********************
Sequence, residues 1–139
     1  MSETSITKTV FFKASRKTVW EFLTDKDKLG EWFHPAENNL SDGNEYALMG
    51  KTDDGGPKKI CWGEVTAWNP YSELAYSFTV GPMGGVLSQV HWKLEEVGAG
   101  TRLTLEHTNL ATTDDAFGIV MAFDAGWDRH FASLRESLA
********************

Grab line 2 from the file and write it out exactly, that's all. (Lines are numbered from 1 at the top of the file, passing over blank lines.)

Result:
     1  MSETSITKTV FFKASRKTVW EFLTDKDKLG EWFHPAENNL SDGNEYALMG